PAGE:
Are Comic Book Fans Losing Their Grip in the Marvel Universe?

Hank Pym, Ant ManWENN / Marvel

There are three ways to sell a movie: sex, violence, and Best Actor in a Miniseries or TV Movie Golden Globe Award winners. Super producer Kevin Feige knows this, and he has roped Sunday night’s victor Michael Douglas into the Ant-Man cast. Not a match you would have made, but this is the direction that superhero movies are heading in.

No longer is Marvel stardom limited to refurbished comic actors, abdominably-gifted newcomers, or future self-obsessed outsider art renegades. This latest wave of comic book movies has seen the inclusion of performers of the highest esteem. Douglas joins Paul Rudd, the media-literate public’s equivalent of the freakin’ pope, in action comedy master Edgar Wright’s Ant-Man feature, an announcement that comes a few months after Guardians of the Galaxy tacked on the likes of legends Glenn Close and Benicio del Toro, Academy pet Bradley Cooper, and mainstream comedy mainstay John C. Reilly. Actors with varied, successful careers are flocking to the superhero circuit — good news for the masses, who are taking new interest in this line of releases (which, in turn, is great news for the studios), but is it good news for the existing fans?

While we’ve seen broad audiences take to superhero flicks since Spider-Man and Christopher Nolan’s Dark Knight trilogy, Guardians of the Galaxy and Ant-Man represent a league of superhero series that have, up until now, thrived on small but devoted communities of comic book fandom. The announcement of their film adaptations sparked tiny bursts of glee, but also questions: how are they going to do this rightGuardians and Ant-Man are especially weird properties that A) wouldn’t appeal to Avengers-sized audiences as is, but B) would outrage the established fans were it to reform toward general palatability. We can’t assume just by the casting of Rudd and Douglas that Ant-Man is going the Hollywood angle, but we can wonder exactly what it has up its sleeve.

Iron Man 3 presents a good example of the concerns of die hard fans (not Die Hard fans though — they probably loved Iron Man 3, which is exactly what we’re talking about). The third chapter for Tony Stark, handled by action-comedy kingpin Shane Black, transformed the genre of the Robert Downey Jr. trilogy into something like that which you’d see in his Lethal Weapon scripts, or Kiss Kiss Bang Bang. And to those not stringently adhered to the Iron Man mythology, the movie was fantastic. Fun, goofy, malleable, creative, and hilarious. To those who wanted the Mandarin and Extremis they knew from the comics, it was… enraging.

But more even than the issue of contextual changes is that of the sense of the aforementioned communities of comic book fandom. There is something special about being part of a small union of like-minded, unappreciated folk — e.g., being one of the few who hopped on the Arrested Development bandwagon before the series got its post cancelation hop-ons (but to be fair, you’re gonna get some hop-ons). This adherence to exclusivity, this “I was into it before everyone else” mentality, they’re not entirely healthy or condusive to authentic appreciation of a piece of art. But the phenomenon was born from necessity: way back when geekiness of all sorts was brandished and those belonging to said genus were ostracized (you know, in that long dead era known as high school), it was the very idea of finding others like you and reveling in your elite appreciation for some piece of underdog genius. It helped many of us get through tough times. Love for comic books, specifically — and what’s more, the idea that you were one of a small, special, unique force of “superhuman” devotees — charged some much-needed positive vibes. And although we all should be more than willing to open up our beloved titles and characters to the world, there is always that hesitation. Does Marvel expanding its reach to everyone, does everyone’s appreciation of what you once held dear and sacred make it less so? Do these stories about “different” people need to be read and loved only by people who identify as different in order to have their desired impact?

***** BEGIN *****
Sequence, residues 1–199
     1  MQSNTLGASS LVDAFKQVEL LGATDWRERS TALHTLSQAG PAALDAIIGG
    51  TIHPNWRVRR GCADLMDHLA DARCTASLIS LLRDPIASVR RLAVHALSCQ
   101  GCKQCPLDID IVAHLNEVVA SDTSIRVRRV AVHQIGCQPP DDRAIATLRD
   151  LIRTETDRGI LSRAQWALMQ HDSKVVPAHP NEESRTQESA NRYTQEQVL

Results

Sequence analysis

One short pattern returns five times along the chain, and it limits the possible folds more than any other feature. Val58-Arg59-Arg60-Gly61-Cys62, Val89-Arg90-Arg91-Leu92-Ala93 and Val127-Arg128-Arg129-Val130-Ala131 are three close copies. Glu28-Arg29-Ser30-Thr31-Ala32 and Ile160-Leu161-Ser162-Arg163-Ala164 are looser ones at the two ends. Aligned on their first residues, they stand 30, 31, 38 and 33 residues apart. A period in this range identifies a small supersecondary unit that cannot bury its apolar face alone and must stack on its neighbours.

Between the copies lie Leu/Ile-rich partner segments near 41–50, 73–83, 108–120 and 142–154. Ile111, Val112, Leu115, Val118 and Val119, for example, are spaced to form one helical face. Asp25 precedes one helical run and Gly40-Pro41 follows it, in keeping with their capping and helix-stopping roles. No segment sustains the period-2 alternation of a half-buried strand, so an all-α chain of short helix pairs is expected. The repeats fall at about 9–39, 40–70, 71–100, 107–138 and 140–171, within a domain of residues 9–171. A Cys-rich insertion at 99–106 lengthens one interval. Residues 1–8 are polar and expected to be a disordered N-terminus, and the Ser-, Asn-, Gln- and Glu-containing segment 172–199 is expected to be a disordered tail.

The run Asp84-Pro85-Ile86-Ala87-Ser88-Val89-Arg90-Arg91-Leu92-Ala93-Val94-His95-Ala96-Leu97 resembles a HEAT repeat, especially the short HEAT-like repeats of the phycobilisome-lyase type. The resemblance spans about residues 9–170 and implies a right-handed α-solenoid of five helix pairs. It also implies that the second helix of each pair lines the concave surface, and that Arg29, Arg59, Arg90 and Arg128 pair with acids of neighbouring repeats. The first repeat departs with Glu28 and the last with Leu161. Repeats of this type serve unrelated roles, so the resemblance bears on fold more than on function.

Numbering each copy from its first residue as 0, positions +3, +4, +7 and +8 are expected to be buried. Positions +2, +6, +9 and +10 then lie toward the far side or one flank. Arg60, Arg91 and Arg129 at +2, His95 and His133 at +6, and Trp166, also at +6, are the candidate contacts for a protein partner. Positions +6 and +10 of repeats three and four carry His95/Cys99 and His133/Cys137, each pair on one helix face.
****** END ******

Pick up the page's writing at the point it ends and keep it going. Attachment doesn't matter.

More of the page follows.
Maybe. But figure this: maybe, this way, they’re reaching a young watcher or reader who might otherwise not have had the opportunity to benefit from their glory. Maybe this is the only way that these tales of justice, strength, humanity, integrity, and imagination can get through to everyone who needs them. Don’t feel as if you’re being forced to sacrifice your place in an “elite” supergroup. Think of it as the characters that saved you moving on to do the same for the rest of the world.